Sunday, 7 July 2013

The two Black-Headed Gulls that turned up the other day were indeed the vanguard of the winter army. There were at least ten of them today on the Long Water. Here are some of them on the posts at Peter Pan -- this is the long shot that all the visitors take, and a bit corny, but never mind.

In the background you can see the two Common Terns, which have also come back and are behaving just as before, with the male bringing the female fish. He has stopped hunting near the Italian Garden, a sign that the shoal there must have moved, and now flies down to the Serpentine bridge, probably to try his luck around the wire mesh baskets of twigs which are still teeming with fish. Here he takes a look around near Peter Pan, but didn't stop to take anything. The fish here are only fry an inch long and not yet worth his time.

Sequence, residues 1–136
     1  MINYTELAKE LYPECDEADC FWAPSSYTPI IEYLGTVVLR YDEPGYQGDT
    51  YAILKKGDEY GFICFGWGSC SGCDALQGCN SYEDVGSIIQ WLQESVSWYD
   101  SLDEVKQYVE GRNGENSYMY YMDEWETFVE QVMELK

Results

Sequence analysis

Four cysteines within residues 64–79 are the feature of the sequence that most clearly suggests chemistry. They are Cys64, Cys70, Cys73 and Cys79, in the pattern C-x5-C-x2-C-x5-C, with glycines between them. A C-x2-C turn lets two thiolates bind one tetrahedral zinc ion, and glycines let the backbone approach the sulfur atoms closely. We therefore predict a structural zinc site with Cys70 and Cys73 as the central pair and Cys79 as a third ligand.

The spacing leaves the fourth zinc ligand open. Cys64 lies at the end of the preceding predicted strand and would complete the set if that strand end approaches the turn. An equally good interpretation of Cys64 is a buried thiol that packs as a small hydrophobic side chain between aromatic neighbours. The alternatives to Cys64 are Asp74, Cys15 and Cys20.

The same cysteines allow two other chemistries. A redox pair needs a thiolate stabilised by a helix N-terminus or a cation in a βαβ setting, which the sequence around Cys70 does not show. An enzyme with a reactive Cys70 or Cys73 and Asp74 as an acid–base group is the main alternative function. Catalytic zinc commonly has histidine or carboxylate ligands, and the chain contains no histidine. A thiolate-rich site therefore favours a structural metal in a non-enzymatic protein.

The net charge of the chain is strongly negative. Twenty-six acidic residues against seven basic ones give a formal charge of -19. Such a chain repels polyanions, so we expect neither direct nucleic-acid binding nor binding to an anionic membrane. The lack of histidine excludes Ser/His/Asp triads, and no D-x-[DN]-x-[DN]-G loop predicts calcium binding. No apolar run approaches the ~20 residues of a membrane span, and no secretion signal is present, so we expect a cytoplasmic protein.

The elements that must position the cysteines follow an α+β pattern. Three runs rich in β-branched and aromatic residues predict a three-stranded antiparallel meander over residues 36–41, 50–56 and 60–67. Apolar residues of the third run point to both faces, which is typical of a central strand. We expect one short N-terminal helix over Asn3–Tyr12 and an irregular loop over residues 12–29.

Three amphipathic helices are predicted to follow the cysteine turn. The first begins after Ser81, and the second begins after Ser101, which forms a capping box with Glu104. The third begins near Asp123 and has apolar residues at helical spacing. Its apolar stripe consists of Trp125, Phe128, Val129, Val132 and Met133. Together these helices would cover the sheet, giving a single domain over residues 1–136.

The Grey Herons on the Serpentine island seem to be interested in nesting again.

They started nesting in spring and gave up during the spell of cold weather, after which there was no further activity till today. It is still too early to say whether they are serious or not, and it may be too late in the year for their lengthy incubation. Meanwhile, in Regent's Park and Battersea Park, the herons have already got through the whole process and their young are flying around.

No sign of the Tawny Owls. Nor of the Little Owl: maybe he has found a new perch in the tall lime tree next to the sweet chestnut where their nest is. The happiest explanation would be that they have bred successfully and taken their young into the leaf yard nearby. But no one has seen the slightest trace of that.

This Song Thrush was poking around in the grass along the Flower Walk, and doing rather well. It is a good place for worms because the flowers are regularly watered and the soil remains soft even in dry weather.

No comments:

Post a Comment